Ranitomeya imitator (Dendrobatidae), commonly known as Mimic Poison Frog, is a species of frog endemic to north-central Amazonian Peru. The species, which has several color morphs, exhibits some peculiar features.
They have a monogamous mating system. In fact, the species is the only known monogamous amphibian, with monogamy in the wild confirmed by paternity analysis in studies. They also are strict phytotelm specialists (they only breed in water-holding plants of the genus Heliconia, Dieffenbachia, and Xanthosoma), and as if that were not enough, they have biparental care.
Eggs are normally laid in pairs among the bracts of the host plant. Upon hatching, tadpole transport is carried out by the male, who will later help the female locate tadpoles so she can provide the developing tadpoles with unfertilized food eggs. Males are highly territorial and will defend breeding resources vigorously.
The photo shows a Varadero morph, which was first discovered in 2004 and was heavily smuggled from 2006 to present. This morph appears to be a mimic of the “orange-and-blue” fantastica morph.
The spotted handfish is a rare Australian fish from the family Brachionichthyidae. It is classified as Critically Endangered on the IUCN Red List. The spotted handfish is unusual in that it has highly adapted pectoral fins, which appear like hands (hence the name) and allow it to walk on the sea floor. It has a highly restricted range, being found only in the estuary of Derwent River, Tasmania, and nearby areas. They are up to 120 mm in length. Currently, little is known regarding their diet, but they have been reported to prey on small shellfish, shrimp, and polychaete worms in the wild.
Look closely and you’ll be able to discern the human bodies upon which these beautiful animals have been painted. They’re part of the Florida Wildlife Series created by American fine art body painter and visual artist Shannon Holt.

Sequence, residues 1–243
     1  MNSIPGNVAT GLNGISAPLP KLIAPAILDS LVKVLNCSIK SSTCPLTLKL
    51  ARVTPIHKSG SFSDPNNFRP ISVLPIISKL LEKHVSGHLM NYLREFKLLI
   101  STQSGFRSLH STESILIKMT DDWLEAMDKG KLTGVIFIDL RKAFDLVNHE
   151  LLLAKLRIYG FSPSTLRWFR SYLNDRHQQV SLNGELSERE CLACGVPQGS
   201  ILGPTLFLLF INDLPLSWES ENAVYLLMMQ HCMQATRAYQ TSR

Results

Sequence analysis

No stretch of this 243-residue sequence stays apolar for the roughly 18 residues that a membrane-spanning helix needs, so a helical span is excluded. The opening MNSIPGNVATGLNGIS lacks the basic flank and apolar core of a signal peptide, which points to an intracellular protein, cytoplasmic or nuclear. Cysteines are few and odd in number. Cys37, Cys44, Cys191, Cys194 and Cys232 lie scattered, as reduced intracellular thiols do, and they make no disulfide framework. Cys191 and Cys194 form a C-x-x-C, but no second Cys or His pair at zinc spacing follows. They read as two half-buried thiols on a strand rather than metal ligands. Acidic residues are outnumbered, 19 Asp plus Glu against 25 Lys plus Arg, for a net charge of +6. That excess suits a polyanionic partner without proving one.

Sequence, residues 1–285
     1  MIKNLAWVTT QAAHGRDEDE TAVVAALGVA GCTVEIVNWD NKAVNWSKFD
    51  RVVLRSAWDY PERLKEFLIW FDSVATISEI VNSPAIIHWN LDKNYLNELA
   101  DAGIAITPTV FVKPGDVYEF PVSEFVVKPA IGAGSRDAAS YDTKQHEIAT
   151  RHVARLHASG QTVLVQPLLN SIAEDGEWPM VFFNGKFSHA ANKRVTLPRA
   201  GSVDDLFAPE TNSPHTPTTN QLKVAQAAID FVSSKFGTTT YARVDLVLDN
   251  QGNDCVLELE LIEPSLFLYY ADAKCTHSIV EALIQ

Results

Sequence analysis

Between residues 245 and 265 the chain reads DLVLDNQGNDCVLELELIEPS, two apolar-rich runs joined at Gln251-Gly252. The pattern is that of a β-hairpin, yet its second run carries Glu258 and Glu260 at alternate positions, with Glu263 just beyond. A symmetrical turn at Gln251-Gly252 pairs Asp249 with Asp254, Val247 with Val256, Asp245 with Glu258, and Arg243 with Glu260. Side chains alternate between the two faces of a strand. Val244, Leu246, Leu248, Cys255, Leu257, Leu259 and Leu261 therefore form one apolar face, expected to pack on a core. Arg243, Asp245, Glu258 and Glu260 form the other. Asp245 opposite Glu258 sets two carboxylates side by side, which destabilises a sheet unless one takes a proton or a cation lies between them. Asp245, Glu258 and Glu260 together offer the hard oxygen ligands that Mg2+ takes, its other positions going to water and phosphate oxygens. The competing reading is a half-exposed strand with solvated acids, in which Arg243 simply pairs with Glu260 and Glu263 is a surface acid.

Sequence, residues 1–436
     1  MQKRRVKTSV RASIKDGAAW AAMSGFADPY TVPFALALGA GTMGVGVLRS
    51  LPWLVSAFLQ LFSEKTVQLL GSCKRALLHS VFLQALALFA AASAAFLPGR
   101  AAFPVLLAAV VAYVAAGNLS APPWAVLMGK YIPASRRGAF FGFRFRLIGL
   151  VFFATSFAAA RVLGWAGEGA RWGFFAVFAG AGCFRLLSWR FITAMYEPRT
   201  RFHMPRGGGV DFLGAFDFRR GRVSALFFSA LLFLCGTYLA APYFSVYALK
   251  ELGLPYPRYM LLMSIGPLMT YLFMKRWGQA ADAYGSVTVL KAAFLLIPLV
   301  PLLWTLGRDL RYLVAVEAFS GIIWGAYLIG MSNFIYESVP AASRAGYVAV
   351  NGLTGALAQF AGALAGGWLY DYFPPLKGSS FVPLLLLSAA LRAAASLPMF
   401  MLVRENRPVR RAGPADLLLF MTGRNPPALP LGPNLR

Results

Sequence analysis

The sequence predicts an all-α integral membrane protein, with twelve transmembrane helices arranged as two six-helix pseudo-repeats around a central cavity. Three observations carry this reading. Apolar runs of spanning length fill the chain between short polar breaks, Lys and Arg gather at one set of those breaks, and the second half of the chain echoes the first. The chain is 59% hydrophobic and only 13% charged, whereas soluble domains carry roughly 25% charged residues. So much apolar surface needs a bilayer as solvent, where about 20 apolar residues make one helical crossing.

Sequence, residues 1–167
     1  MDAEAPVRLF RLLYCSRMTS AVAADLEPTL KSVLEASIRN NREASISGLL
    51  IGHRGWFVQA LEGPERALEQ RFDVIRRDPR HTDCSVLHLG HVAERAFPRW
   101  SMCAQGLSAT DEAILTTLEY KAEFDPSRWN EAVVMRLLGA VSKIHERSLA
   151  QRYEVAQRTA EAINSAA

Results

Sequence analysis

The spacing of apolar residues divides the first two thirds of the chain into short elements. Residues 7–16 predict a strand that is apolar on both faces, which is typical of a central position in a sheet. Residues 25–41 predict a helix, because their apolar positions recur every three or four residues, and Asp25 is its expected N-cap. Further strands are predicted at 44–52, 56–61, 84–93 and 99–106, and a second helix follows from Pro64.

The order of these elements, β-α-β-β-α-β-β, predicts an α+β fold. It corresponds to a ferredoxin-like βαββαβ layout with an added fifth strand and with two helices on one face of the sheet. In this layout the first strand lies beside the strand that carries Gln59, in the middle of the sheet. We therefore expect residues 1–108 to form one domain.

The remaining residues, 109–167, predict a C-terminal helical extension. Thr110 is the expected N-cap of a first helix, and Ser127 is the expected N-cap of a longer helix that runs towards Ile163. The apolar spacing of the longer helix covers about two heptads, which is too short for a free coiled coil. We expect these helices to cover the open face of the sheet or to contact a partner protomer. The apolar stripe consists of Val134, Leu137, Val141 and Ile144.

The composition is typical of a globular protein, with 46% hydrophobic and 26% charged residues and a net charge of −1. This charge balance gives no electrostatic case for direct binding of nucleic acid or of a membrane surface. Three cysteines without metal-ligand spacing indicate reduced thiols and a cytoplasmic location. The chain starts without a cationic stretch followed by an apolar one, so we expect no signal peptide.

Click here to check out more of Holt’s amazing body painting projects.
Wolves split from pack to form new pair in Eagle Cap Wilderness
November 18 - The wolves have paired up in the Eagle Cap Wilderness of Eastern Oregon.
The Oregon Department of Fish and Wildlife reports two wolves left their birth packs over the summer and are now paired together in the Eagle Cap Wilderness, southeast of Cove.
OR-24 dispersed from the Snake River pack and OR-27 from the Minam pack sometime in July. Both animals are fitted with GPS collars, and have been located in higher elevation areas of the Keating and Catherine Creek wildlife management units in northeast Oregon.
No incidents of livestock predation are tied to either animal, though local ranchers are encouraged to adopt nonlethal measures of wolf hazing such as range riders or fladry fencing.
Meanwhile, a second suspected pack in the Catherine Creek and Keating units is no longer believed to be in the area, according to ODFW. Biologists had spotted tracks late last year from five animals near Medical Springs in Union County, but have not found any recent evidence of wolves in the area.
Source Picture: A 72-pound female wolf of the Minam Pack is shown after being radio-collared on June 3
Lake Clark National Park and Preserve in Alaska teems with wildlife — from bears and moose to sea lions and whales. While on a boat ride on Crescent Lake, Rob Daugherty captured this stunning image of a coastal brown bear that had just finished eating salmon. “It was an epic moment to photograph him as he licked his fishy, post-meal chops,” says Rob.